Here is from an article from the Economist magazine:

One drug he talks about is an antidepressant called reboxetine (branded as Edronax by
its makers, Pfizer) that he used to prescribe to his patients.

Pfizer is a drug company. It is a singular noun.
Why is it described as its makers, which is plural?

  • It's common in BrE to refer to companies in the plural. In AmE, the singular is used. Jul 26 '15 at 13:16

The style guide of The Economist says:


There is no firm rule about the number of a verb governed by a singular collective noun. It is best to go by the sense--that is, whether the collective noun stands for a single entity or for its constituents.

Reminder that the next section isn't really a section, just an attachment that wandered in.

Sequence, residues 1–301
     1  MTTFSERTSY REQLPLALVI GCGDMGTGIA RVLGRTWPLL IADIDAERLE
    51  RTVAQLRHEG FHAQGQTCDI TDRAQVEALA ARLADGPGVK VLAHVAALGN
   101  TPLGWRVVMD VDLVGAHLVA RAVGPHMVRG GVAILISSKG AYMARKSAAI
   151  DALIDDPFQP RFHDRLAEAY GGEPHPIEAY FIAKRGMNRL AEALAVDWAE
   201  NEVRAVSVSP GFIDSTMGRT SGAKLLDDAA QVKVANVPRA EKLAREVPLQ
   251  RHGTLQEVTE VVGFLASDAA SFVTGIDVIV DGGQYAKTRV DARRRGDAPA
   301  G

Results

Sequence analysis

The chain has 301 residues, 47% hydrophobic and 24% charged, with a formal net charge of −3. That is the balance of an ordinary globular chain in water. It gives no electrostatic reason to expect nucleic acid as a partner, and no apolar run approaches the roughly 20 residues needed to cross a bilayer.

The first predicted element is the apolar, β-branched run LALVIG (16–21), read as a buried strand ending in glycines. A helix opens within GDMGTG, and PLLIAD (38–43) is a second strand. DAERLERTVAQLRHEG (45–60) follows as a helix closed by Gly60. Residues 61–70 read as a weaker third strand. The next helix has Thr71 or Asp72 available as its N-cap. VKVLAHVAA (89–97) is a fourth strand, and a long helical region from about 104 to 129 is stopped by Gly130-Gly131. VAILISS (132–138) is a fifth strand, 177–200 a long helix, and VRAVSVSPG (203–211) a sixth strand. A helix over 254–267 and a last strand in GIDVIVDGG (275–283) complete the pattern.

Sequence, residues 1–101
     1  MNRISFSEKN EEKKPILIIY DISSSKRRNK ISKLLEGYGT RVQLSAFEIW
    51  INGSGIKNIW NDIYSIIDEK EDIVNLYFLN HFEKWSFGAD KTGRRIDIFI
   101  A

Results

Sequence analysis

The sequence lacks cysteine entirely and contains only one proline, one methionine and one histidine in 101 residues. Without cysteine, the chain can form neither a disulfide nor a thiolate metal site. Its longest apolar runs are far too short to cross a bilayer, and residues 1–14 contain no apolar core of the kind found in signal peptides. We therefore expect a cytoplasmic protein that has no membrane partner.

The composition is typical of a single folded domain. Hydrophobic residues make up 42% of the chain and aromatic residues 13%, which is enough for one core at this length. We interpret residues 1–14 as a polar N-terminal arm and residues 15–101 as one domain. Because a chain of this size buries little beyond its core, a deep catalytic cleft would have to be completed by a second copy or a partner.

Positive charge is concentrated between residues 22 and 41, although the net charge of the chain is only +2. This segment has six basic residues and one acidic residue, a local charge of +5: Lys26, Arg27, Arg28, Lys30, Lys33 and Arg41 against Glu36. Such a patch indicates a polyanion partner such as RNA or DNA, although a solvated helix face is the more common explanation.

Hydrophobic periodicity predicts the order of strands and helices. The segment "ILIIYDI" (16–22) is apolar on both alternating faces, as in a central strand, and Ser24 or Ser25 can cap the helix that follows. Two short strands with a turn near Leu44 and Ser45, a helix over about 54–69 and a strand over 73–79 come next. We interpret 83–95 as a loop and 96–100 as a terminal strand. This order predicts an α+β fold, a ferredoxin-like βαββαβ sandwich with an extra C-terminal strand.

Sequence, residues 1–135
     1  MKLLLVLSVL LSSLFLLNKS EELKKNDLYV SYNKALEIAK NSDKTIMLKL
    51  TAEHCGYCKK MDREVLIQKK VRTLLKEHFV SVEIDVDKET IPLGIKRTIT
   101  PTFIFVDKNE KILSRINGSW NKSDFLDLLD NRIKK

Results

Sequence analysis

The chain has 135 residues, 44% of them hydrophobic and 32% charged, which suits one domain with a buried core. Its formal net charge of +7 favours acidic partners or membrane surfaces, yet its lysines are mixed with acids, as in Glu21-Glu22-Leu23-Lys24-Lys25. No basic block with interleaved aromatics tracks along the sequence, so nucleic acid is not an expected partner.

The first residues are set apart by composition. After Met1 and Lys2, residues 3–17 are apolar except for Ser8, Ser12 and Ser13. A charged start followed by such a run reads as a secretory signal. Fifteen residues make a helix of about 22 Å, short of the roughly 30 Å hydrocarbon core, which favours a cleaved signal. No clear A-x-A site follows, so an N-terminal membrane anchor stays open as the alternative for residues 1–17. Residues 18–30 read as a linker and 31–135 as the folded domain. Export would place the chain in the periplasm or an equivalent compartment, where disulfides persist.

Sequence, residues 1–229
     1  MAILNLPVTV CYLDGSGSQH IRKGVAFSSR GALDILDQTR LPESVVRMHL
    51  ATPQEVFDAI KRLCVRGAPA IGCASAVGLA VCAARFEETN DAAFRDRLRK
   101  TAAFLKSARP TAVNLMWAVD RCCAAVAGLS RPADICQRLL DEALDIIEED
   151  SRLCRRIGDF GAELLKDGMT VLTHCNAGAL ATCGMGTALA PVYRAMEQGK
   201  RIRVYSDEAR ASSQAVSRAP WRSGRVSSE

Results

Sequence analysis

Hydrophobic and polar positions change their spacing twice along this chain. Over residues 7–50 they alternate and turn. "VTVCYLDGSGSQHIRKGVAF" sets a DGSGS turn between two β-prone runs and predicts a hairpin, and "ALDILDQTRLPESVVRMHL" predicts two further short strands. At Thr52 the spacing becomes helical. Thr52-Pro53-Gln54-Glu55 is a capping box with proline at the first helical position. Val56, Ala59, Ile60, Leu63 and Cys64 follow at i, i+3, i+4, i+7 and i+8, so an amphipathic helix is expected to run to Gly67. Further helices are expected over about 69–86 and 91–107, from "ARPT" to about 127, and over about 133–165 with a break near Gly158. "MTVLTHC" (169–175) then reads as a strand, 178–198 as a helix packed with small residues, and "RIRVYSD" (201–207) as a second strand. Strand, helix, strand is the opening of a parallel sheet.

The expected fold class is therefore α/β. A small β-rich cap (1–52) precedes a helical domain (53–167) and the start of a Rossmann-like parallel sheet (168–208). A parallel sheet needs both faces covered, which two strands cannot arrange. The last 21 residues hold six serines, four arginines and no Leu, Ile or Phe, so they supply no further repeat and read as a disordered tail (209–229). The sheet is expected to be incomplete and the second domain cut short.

So it is correct to refer to organizational names either as singular or plural but not both--that is, there should be a constancy in writing.

In this case the author wishes to emphasize the individuals of the company.

Your Answer

By clicking “Post Your Answer”, you agree to our terms of service, privacy policy and cookie policy

Not the answer you're looking for? Browse other questions tagged or ask your own question.